For as long as I’ve been a trainer, people have been doing a lot of core exercises in the gym. In fact a search on the web will give you innumerable articles, videos, and web sites devoted to core workouts. When I first started training, people did old-fashioned sit ups and that was pretty much it. But that became passé, since it’s clearly a hip flexor exercise and people wanted to really target that core. So then I began to see people doing more and more exotic stuff to target those elusive muscles.

 

The evolution of core work has gone in this direction for a few reasons. First, what most of us call “the core” is an important part of the body that helps us stay strong and healthy. Second, the core muscles weren’t isolated by any of the traditional exercises, as is obvious to anyone with a pair of eyes. Third, let’s face it, a nice set of core muscles is sexy for most of us. Problem is, a review this month in the Journal of Strength and Conditioning casts doubt on virtually any recommendation on the matter.

 

The researchers had a simple goal: they wanted to know what exercises hit the core the best. Specifically, they looked at all the available research on studies testing the electromyographic (EMG) activity of the lumbar multifidus, transverse abdominis, and quadratus lumborum muscles.

 

Now that was perhaps a lot of exercise science nerd-talk. Testing EMG activity just means that they observed the electrical impulses of the muscles. The more electrical activity, the harder the muscles are working. As far as those three muscles go, they are some of the deepest core muscles you have. Really, it doesn’t get any more core than these muscles.

 

And what they found was, to be frank, a lot of garbage and sort of anticlimactic. Out of almost 3,000 potential studies, they found that only seventeen were relevant to their criteria. It’s not like they had strict criteria either - the studies just needed to be EMG studies on healthy adults doing exercises people might do at the gym. The major finding was that there is little research on the topic, so don’t listen to any trainer that tells you otherwise.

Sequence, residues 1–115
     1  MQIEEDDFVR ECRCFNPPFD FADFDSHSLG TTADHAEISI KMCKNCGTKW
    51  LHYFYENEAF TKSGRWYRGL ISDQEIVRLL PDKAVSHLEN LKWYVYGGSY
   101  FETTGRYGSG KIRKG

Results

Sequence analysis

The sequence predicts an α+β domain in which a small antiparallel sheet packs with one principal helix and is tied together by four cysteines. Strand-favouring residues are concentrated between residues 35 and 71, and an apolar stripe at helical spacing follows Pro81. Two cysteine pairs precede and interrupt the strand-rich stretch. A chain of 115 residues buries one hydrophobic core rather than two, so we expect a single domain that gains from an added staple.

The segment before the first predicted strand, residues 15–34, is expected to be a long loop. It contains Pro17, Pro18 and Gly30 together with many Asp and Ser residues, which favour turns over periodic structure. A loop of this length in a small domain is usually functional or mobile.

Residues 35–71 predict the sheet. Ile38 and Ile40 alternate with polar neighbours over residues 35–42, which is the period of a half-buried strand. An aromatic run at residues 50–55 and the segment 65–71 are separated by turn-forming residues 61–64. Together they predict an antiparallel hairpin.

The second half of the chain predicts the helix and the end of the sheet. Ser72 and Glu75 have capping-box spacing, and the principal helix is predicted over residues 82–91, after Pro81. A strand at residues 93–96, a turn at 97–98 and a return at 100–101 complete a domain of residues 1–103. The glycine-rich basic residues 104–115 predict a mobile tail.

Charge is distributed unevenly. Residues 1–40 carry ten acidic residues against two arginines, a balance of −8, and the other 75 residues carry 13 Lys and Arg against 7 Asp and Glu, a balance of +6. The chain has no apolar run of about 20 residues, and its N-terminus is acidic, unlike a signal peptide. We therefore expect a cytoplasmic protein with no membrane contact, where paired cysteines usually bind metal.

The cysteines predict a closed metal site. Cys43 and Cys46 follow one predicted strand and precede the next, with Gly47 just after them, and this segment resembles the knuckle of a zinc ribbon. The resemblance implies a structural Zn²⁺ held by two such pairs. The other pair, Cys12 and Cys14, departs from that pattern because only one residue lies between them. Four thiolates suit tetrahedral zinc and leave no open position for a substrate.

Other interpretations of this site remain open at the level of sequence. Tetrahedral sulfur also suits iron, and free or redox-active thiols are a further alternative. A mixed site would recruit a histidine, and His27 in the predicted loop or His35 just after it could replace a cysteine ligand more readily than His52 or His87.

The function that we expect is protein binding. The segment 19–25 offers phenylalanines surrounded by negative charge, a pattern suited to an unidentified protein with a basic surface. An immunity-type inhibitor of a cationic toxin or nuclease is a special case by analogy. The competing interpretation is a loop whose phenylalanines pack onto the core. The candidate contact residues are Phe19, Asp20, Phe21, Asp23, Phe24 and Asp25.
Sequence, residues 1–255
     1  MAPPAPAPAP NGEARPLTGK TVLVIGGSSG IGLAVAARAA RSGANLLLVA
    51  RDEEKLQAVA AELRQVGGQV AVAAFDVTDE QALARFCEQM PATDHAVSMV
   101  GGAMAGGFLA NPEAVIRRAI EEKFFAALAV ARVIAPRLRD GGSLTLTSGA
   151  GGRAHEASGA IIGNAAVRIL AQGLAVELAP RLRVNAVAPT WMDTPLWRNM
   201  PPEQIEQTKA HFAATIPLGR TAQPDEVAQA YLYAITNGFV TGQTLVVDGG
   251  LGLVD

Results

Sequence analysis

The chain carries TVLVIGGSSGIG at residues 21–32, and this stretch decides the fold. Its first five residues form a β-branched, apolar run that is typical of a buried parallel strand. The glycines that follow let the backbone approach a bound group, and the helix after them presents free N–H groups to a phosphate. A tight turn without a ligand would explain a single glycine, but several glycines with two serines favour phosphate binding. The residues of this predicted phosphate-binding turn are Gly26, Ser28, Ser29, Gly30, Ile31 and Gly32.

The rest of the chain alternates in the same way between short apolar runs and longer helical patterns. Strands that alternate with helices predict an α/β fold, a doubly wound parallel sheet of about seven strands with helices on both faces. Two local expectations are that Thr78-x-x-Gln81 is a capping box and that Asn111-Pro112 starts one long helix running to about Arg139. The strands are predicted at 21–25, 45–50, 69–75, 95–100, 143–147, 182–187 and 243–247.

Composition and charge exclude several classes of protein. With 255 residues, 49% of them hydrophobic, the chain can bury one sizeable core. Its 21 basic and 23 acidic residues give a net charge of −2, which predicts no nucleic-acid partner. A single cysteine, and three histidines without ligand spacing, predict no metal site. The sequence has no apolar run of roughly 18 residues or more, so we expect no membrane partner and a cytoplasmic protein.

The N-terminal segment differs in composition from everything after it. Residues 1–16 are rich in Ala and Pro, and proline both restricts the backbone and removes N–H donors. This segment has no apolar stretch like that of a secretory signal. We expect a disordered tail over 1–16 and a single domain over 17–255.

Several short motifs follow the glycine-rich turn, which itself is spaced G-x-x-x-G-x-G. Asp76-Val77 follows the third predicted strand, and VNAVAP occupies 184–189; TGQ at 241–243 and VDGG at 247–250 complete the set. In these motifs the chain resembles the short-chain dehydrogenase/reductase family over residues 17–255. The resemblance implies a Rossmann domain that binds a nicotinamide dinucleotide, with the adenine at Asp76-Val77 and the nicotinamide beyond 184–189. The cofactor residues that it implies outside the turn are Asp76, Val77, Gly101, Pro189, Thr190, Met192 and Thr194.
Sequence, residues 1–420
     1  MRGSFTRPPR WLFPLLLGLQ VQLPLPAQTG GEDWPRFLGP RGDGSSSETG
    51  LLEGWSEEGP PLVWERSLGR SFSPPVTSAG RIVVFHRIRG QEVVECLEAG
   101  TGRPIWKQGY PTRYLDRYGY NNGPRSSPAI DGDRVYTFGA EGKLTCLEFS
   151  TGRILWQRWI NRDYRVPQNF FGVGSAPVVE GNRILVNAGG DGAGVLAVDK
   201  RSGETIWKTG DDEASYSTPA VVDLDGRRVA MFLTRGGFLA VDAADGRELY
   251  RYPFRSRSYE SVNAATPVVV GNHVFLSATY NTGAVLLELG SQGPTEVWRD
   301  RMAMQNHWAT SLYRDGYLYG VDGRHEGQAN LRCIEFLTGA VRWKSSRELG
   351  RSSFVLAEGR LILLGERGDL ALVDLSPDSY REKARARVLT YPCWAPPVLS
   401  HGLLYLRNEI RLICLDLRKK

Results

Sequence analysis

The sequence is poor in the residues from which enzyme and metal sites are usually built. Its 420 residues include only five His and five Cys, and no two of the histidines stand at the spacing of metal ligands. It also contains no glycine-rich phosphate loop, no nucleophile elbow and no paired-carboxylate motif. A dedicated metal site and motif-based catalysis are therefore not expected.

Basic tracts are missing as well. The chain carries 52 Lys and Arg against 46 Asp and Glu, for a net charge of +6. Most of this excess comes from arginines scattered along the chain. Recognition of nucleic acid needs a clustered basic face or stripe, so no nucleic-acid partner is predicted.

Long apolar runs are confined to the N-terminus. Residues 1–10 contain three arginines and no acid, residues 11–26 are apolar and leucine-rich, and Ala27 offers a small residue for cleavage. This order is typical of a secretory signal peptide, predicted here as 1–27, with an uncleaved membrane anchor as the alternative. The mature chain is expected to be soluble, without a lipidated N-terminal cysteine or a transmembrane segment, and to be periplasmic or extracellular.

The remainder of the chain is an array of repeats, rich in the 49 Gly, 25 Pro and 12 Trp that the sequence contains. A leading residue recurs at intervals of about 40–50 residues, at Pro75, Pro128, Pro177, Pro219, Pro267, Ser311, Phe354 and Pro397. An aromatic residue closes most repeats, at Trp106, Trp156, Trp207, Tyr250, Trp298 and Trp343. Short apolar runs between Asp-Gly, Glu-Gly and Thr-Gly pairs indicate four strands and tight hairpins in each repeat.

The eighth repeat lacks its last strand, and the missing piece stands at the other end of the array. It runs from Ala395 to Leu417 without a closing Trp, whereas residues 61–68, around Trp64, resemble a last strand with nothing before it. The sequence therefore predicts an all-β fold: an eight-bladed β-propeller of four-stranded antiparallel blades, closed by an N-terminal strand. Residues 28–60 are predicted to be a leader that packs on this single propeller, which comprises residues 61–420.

The seventeen relevant studies they did look at weren’t excellent in design, but one consistency seemed to ring true. Out of all the exercises, be they situps, planks, unstable surface training, and so forth, the best exercises for the core are – drum roll please – basic free weight exercises not targeting the core. That’s right, your deadlifts and overhead presses are better than your ball crunches or yoga poses.

 

The muscles the researchers chose are hard to EMG, and they are the sorts of muscles that hold your insides together, so the results of this study make good sense. But it seems at least strongly plausible that when my old-school lifting buddies answered “squats” to the question of “what’s the best ab exercise?” they may have been right. One thing is for sure though: more research is needed to be certain about the answer.

 

References:

1. Jason Martuscello, et. al., “Systematic Review of Core Muscle Activity During Physical Fitness Exercises,” Journal of Strength and Conditioning Research, 27(6), 2013

 

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